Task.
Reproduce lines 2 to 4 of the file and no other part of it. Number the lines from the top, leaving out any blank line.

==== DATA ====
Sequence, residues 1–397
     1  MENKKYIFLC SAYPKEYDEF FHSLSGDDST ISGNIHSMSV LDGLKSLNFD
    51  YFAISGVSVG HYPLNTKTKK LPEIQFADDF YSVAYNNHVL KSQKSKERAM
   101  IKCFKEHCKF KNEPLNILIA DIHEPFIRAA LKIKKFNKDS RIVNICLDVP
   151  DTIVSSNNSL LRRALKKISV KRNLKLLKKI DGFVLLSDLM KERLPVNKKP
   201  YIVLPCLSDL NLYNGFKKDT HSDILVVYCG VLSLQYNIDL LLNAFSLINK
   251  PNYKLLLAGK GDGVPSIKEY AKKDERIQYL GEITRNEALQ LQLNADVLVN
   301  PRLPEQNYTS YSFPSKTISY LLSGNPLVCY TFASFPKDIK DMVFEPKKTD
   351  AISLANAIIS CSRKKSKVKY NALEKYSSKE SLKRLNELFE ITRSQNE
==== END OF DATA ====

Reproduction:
     1  MENKKYIFLC SAYPKEYDEF FHSLSGDDST ISGNIHSMSV LDGLKSLNFD
    51  YFAISGVSVG HYPLNTKTKK LPEIQFADDF YSVAYNNHVL KSQKSKERAM
   101  IKCFKEHCKF KNEPLNILIA DIHEPFIRAA LKIKKFNKDS RIVNICLDVP